Credit can be a red flag for many business owners. Why? When customers are given credit for goods, there is a risk they will never receive the payment for the goods. A Retention of Title clause can provide a business with protection if they are concerned about not receiving payment from the buyer. This type of clause will allow businesses to maintain the assets during times of buyer default and insolvency.
This post explains how the Retention of Title clauses work and why they are valuable for the business and the customer.
What is a retention of title clause?
A Retention of Title , also commonly known as a Romalpa Clause, enables the seller of goods to retain their ownership until the conditions of a purchase are met. Usually the condition imposed is payment.
Even though the title of the goods remaining with the seller, the goods are in fact, in the possession of the buyer. An example of this would be paying for something on credit. Paying on credit is not to be confused with paying for goods on credit card. You, as the customer, have the item purchased ready to take with you after the sale, but you have not actually paid for it. If you do not or cannot pay for the goods, the supplier may take action to reclaim the product since they continue to hold the title of ownership for the good/s.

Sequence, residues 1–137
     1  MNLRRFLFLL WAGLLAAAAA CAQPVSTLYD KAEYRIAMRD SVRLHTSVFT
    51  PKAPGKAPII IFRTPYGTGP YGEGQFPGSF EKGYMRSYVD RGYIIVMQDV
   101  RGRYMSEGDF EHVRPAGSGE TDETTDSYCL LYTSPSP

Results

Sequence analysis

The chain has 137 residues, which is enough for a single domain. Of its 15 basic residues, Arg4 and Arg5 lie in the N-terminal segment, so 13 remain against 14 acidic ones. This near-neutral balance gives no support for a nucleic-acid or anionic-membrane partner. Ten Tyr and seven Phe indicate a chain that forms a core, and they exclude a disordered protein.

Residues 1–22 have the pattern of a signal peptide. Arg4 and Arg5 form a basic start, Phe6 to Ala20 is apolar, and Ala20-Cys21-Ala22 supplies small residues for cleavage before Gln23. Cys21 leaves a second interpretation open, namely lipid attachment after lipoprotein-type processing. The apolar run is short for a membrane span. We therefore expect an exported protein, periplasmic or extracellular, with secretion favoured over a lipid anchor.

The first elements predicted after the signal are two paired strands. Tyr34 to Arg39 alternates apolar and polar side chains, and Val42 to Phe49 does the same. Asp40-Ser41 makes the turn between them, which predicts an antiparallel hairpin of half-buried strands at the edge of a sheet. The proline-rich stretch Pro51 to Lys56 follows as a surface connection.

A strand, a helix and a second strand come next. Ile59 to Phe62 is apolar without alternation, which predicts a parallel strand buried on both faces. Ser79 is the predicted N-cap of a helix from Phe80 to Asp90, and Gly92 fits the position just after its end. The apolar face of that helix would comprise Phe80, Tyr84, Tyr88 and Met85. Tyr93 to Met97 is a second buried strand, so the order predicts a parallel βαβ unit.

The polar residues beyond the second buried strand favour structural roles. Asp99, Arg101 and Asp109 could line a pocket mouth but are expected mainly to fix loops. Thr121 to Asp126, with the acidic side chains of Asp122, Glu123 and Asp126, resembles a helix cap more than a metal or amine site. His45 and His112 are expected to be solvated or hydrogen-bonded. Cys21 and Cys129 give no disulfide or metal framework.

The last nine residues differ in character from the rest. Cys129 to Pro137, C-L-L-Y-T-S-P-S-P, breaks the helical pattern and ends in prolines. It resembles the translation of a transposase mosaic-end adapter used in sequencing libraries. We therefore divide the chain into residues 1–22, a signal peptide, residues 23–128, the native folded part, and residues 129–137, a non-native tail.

Why is it important to have this clause?
As a business, this type of clause will protect you when your customer is unable to pay for the goods. Usually, you can reclaim them should they default on the conditions of purchase, protecting you from the risks associated with selling goods on credit. Without this title clause in place, a business would typically be unable to recover the goods or their value.
If you are a customer looking to purchase goods, even with a poor credit rating or limited secure finances, you are able to still purchase things. However, it is important to remember that you need to meet the payment conditions to complete the ownership of the item you’ve recently purchased.
How does a retention of title clause work?
To ensure a Retention of Title is legally enforceable, it first needs to be registered on the Personal Property Securities Register (PPSR). This is an online application that needs to be completed within a rather strict timeframe of the sale occurring.
A retention of title clause should always be professionally written by a lawyer, as the exact wording of the clause will determine the effectiveness of the contract.
So long that the Retention of Title clause is clearly defined in writing in advance of the sale, and the contract is signed by both parties, the Retention of Title clause claim can be made.
More information on retention of title clauses
If you are a business and would like to learn more about the Retention of Title clause and how it can help protect your business, you should seek the advice from one of our experienced lawyers. Our team are experts in this area and can advise you on the best course of action, including the drafting of a Retention of Title clause.